If you were falling asleep on the sixth floor of Gelman and a world-class high jumper was reading in the chair next to you, you’d perk up, right? Say you’re watching television at J Street and a preview for the new movie Along Came a Spider came on. If one of the actors in that movie was standing in the Chick-fil-A line behind you, you’d be less impatient about your waffle fries and more fascinated by him, right? If one of D.C.’s most successful businessmen and lawyers in D.C. taught at GW, you’d know who he was wouldn’t you?
So here is the question: do you know who Bruce McBarnette is? Could you point him out a crowd at Gelman Library?
McBarnette is a world-class high jumper, high-powered lawyer, actor and philanthropist. And although most students might not now it, he is also part of the GW community. He is a GW continuing education professor, teaching courses for the LSAT, GRE and memory techniques.
Although McBarnette is an accomplished high jumper, there are no baby pictures of him attempting to leap small buildings in a single bound. The track-and-field superstar did not start jumping until his sophomore year at Princeton University. A high school sports star excelling in football and basketball, McBarnette continued his football career at Princeton and joined the track team in the off season to stay in shape. He picked up high jumping quickly. By his sophomore year he had made the varsity team, foregoing another year with the football team to concentrate on track.
Although he had a successful career at Princeton, the highlights of McBarnette’s jumping days were yet to come. He continued to jump long after his undergraduate days were over.
“The best performances of my life were after Princeton,” McBarnette said. “I wasn’t the best in the world when I was in college, but over time they all decreased in performance while I increased.”
McBarnette the New Jersey State championships, the Hawaii State championships and eight New York City championships in high-jumping. His most recent accomplishment was placing second at the Samuel Howell Invitational track meet, where he completed a jump of six feet, seven inches. McBarnette placed second among every age group, not just his own.
He is currently ranked No. 1 in the world in his age group (40-45), the winner of the Western Hemisphere 2001 championship and the United States indoor and outdoor champion in his age group.
McBarnette competes every two to three weeks. Because he is not competing as much as he did in college when he had meets every weekend, his training – a regiment of weightlifting, jumping, bounding exercises, sprinting, steps, distance training, stretching and flexibility exercises – can be more strategic. He has improved at peaking for meets, a strategy that involves training hard then backing off so the muscles can recuperate, which allows McBarnette to call on his muscles at their peak for an event.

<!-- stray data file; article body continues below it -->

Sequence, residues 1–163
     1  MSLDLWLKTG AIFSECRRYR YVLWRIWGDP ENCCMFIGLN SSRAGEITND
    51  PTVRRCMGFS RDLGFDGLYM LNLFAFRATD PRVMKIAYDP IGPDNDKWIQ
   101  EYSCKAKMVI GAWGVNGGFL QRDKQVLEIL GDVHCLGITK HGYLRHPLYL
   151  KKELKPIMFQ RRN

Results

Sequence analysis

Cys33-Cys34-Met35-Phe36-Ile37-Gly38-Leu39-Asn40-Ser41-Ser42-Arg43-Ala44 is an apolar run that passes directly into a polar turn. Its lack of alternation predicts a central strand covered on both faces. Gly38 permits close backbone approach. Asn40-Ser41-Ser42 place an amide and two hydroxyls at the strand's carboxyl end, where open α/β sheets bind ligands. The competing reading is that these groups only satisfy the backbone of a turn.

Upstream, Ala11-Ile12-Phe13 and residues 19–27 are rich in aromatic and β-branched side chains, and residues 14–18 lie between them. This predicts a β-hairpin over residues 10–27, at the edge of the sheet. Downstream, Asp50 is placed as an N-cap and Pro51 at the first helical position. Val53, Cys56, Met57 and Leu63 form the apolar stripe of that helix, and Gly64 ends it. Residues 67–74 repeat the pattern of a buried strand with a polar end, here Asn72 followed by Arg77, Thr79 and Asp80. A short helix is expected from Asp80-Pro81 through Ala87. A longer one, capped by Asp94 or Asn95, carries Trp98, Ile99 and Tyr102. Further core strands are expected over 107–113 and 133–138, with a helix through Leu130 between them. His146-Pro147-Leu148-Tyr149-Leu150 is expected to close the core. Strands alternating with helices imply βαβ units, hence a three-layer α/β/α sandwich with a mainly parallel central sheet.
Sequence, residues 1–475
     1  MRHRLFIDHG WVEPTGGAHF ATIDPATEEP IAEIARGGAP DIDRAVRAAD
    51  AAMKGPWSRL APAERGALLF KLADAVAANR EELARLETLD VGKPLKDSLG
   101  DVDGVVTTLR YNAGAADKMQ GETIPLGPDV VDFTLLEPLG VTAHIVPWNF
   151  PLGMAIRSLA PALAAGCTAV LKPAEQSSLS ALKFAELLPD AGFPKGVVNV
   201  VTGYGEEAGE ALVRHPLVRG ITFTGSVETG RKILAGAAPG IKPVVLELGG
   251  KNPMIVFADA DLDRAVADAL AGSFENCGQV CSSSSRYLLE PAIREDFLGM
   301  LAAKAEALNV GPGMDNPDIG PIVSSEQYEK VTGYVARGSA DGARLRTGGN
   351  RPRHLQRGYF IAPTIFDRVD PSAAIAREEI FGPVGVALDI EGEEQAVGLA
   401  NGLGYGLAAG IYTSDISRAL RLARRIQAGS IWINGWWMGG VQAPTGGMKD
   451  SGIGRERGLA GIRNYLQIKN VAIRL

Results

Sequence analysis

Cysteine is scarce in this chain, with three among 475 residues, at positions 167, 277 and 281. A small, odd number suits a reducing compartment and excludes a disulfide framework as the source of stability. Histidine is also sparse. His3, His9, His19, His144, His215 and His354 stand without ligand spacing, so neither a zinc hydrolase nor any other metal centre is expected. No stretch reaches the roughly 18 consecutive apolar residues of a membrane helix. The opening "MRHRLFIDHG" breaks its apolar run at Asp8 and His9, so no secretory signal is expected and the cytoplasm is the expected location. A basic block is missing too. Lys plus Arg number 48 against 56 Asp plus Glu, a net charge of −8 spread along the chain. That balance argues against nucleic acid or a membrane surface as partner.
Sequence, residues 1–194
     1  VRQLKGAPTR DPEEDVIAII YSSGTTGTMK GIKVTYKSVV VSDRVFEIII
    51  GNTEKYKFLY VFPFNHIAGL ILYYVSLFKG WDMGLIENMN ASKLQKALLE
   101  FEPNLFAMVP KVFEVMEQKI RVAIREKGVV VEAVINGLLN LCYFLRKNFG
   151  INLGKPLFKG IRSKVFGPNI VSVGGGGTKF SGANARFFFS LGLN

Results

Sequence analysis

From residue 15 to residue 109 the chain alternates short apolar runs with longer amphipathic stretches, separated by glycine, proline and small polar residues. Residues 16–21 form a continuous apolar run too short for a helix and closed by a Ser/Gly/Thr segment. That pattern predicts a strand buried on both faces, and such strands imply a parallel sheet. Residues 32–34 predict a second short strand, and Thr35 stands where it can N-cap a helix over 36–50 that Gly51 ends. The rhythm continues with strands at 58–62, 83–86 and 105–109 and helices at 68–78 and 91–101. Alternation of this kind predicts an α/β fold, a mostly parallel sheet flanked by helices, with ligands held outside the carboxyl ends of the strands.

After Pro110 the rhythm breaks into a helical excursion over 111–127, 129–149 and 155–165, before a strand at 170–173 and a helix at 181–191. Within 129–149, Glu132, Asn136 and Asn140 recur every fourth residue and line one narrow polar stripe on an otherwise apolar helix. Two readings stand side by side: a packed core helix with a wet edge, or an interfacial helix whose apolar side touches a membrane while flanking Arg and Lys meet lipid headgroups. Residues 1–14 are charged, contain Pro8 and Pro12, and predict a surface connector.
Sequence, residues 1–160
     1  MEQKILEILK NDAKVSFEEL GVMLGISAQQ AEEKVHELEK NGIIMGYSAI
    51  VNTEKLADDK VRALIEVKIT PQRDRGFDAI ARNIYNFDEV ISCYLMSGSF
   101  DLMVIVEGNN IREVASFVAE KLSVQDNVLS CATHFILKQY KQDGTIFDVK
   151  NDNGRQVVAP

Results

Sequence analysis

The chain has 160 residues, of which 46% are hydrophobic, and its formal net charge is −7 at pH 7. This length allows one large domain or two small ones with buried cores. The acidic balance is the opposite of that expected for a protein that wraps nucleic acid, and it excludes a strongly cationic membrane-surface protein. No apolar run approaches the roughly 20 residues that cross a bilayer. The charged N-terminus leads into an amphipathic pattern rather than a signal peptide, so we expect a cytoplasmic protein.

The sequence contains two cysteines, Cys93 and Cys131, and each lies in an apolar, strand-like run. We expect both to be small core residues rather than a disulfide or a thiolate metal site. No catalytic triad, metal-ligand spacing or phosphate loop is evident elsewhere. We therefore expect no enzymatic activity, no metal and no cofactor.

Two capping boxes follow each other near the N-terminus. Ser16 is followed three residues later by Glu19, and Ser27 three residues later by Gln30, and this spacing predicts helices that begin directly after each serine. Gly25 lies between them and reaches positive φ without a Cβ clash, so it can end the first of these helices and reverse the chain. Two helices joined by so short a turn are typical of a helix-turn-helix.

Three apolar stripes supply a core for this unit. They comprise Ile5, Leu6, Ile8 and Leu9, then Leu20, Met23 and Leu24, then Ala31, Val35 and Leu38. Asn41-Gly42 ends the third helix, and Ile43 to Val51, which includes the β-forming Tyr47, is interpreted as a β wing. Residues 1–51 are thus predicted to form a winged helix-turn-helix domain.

McBarnette mainly coaches himself because of time and location restrictions, but he still keeps his allegiance to the New York Pioneer Track Club.
“It’s a very special track club,” McBarnette said. “It’s like a community.”
While the thrill of being the best in the world is an incentive to keep training, McBarnette is quick to point out that he continues with the sport because of its positive effects on other areas of his life.
“I don’t do it for the purpose of winning meets, I do it because it’s fun,” he said.
His next goal in track and field is to win July’s World Championships in Australia. With a win, McBarnette would capture just about every high-jump honor.
“That doesn’t mean I’ll stop (competing),” he said. “The winning is just the icing on the cake. The benefits of success come from never stopping competing. That continual effort over time really pays off. It’s a nice discipline that helps bring discipline to the other things I do.
McBarnette is also an actor playing principal roles in movies such as King Pin and television shows such as “Homicide: Life on the Street.” He will appear in the new Morgan Freeman movie Along came the Spider, and he just finished shooting a pilot for a TV show called “The Court.”
But McBarnette does more than that. He is the now the CEO of his own company, McBarnette Finance, a D.C. firm that represents a variety of financial institutions and investors. McBarnette is also a real-estate investor and the director of development for Charlie’s Place, a homeless service center D.C.
“It’s satisfying to reach goals you set for yourself,” he explained. “I believe if you’ve been blessed with certain talents you should make the most of them, because you have an obligation to make something of it.
“When you’re successful you don’t just lay back on your laurels. You say, `how can we capitalize on this.’ So much in sports you have to go out and perform the best you can no matter what the situation. This teaches you, despite rejection, to continue through for success, not to lower your standards through rejections.”
McBarnette applied his passion to do more to acting. At Princeton in ROTC, he was asked to do an ROTC ad that ran in national magazines and newspapers. Instead of just being happy with that opportunity, he asked how much further he could take it. He went to different modeling agents, using the picture as his foot in the door. Once he found work as a model, he took the next step to break into acting.
“If you do nothing but keep up what you’re doing over time, the benefits of perseverance come through,” McBarnette said.